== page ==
Bright and early this morning I’m getting my first, dreaded root canal on a decaying tooth, and as I look at my black & white dental x-ray in the digital light box, I imagine what my internal organs must look like. My tooth is an enamel coated, cross section picture of death & disease. What’s worse is that I have tried to cure my dead tooth for forty shameful mornings and forty painful evenings, and I forget to factor in the past decades of careless health habits that on most days I’m still unwilling to accept or change. I don’t see animals brushing their teeth or lined up for dental visits. Despite the statistically significant research on diet & nutrition’s impact on health, specifically high fructose corn syrup, our culture is killing us. How are we going to heal that super-sized, spiraling food chain mess? Have you seen the documentary film, King Corn? King Corn is a feature documentary from Independent Lens about two friends, one acre of corn, and the subsidized crop that drives our fast-food nation.
In truth, I have taken only half measures to recover part of my being, putting my hope in my own two healing hands, alternative medicine, *all* of Isaiah 58 (if-if-then; if-if-then), and preventative health care education piled higher and deeper. I can now admit that I’ve been in the wrong profession, directed in part by childhood ideas that persisted to the day my four wisdom teeth were extracted. The dynamic nursing profession fits my personality, but nurses are not going to save the world any day soon. Nope. Artists! Artists are going to save the world. Oh, where is that scripture?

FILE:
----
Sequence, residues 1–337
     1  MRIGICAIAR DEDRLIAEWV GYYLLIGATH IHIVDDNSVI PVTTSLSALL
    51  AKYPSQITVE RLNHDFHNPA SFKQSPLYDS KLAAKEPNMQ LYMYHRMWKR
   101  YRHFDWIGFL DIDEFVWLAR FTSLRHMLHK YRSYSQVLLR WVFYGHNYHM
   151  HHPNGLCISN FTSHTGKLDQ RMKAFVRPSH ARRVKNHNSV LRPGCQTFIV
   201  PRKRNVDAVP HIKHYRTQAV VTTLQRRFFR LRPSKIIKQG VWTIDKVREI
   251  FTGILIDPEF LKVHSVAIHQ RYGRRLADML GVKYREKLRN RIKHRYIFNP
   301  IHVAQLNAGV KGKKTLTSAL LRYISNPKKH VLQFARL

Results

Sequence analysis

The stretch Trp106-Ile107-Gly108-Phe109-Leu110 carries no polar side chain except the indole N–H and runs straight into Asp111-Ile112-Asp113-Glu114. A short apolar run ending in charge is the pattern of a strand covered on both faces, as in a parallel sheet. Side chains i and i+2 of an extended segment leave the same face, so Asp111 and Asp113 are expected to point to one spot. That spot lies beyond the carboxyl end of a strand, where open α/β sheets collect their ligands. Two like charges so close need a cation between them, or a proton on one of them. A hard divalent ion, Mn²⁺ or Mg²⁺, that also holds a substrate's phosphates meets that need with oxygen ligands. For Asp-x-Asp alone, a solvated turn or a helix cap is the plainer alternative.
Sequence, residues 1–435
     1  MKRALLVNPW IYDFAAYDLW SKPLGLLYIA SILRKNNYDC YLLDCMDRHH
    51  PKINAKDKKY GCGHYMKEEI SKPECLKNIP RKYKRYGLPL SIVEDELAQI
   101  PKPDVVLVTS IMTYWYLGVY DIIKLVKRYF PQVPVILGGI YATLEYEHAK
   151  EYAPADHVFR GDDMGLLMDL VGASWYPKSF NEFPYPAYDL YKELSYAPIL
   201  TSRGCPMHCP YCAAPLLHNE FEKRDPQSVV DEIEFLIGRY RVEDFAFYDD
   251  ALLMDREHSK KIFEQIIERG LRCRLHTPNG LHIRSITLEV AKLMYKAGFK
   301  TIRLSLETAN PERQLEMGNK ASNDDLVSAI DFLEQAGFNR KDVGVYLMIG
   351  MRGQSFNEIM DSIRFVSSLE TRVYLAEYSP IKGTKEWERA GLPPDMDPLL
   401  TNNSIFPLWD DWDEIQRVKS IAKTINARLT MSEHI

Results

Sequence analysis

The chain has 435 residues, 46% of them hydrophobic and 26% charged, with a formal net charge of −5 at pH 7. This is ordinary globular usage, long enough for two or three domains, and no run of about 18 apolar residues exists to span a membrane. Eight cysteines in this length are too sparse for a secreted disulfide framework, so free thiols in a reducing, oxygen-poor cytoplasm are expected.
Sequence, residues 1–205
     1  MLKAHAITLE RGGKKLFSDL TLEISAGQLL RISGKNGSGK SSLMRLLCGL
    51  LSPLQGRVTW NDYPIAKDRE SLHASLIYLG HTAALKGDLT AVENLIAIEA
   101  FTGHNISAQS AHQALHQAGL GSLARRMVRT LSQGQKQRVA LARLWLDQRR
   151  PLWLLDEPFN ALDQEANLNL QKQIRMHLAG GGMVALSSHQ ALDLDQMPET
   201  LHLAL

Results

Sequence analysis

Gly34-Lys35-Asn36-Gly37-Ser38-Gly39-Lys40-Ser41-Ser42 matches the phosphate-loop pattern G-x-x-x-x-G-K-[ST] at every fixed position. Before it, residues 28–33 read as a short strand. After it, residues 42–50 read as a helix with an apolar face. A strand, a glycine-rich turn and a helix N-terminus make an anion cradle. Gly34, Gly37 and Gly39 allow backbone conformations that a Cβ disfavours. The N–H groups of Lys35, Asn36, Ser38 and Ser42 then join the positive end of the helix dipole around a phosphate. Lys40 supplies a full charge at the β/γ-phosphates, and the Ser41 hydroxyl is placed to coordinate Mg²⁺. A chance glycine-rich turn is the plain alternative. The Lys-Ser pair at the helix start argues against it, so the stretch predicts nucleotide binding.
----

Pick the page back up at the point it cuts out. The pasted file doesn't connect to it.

What’s really tough is that I’m a patient with legitimate, physical pain, sitting in Dr. David Fagundes very comfortable dental/medical chair, opening my mouth for a professional stranger, which is very much like opening up about your emotional pain in psychotherapy. “What’s your pain level on a scale of 1-10?” is our fifth vital sign behind temperature, blood pressure, heart rate, and respiratory rate. “A nine. A nine, I talk to myself, because 10 is reserved for birthing grief, a broken femur, third degree burns, or an incurable cancer eating you alive. Ten is reserved for a narcotic addict, looking for their next high. Ten is served when new friends move away like a revolving door and the best you have to offer is a chip of your life and to break bread together as you say good-bye. Ten is reserved for when things don’t go your way and you lose. When you lose heart, and when you lose sight, and like ‘the blind man who stood on the road,’ you cry. Have you read, Dark Night of the Soul? Me either, but I bet this hardcover book bites,” I concluded. “This bites, but the long acting Marcaine® is kicking in to a state of oral, blissful numbness.”
~ §tacy §weeney